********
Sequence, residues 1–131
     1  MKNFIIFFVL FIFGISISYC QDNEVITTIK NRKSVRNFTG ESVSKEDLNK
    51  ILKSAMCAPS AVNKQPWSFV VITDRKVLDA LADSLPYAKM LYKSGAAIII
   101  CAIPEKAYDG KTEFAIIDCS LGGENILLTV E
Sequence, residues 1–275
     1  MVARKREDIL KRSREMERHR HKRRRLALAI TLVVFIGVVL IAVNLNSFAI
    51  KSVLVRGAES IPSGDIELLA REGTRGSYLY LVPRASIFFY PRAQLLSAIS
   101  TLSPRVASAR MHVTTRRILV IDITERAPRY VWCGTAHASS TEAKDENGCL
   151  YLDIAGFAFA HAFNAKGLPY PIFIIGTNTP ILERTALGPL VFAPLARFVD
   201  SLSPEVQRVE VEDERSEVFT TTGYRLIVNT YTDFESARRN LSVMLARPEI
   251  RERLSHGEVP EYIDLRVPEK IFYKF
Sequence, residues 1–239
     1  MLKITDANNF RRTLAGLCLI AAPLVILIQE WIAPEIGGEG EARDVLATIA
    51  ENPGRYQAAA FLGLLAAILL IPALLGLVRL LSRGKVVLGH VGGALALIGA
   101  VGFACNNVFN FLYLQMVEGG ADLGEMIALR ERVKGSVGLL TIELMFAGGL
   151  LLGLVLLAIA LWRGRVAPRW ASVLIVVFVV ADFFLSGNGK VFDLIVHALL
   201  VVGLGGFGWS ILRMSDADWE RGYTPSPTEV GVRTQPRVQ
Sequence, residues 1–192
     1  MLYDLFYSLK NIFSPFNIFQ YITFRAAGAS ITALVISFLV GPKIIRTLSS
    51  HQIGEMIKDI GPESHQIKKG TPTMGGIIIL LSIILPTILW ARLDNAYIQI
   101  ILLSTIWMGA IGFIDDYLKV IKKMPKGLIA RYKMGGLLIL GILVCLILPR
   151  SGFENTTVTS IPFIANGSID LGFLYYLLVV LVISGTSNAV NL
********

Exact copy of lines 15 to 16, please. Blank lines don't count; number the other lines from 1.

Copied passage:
   101  VGFACNNVFN FLYLQMVEGG ADLGEMIALR ERVKGSVGLL TIELMFAGGL
   151  LLGLVLLAIA LWRGRVAPRW ASVLIVVFVV ADFFLSGNGK VFDLIVHALL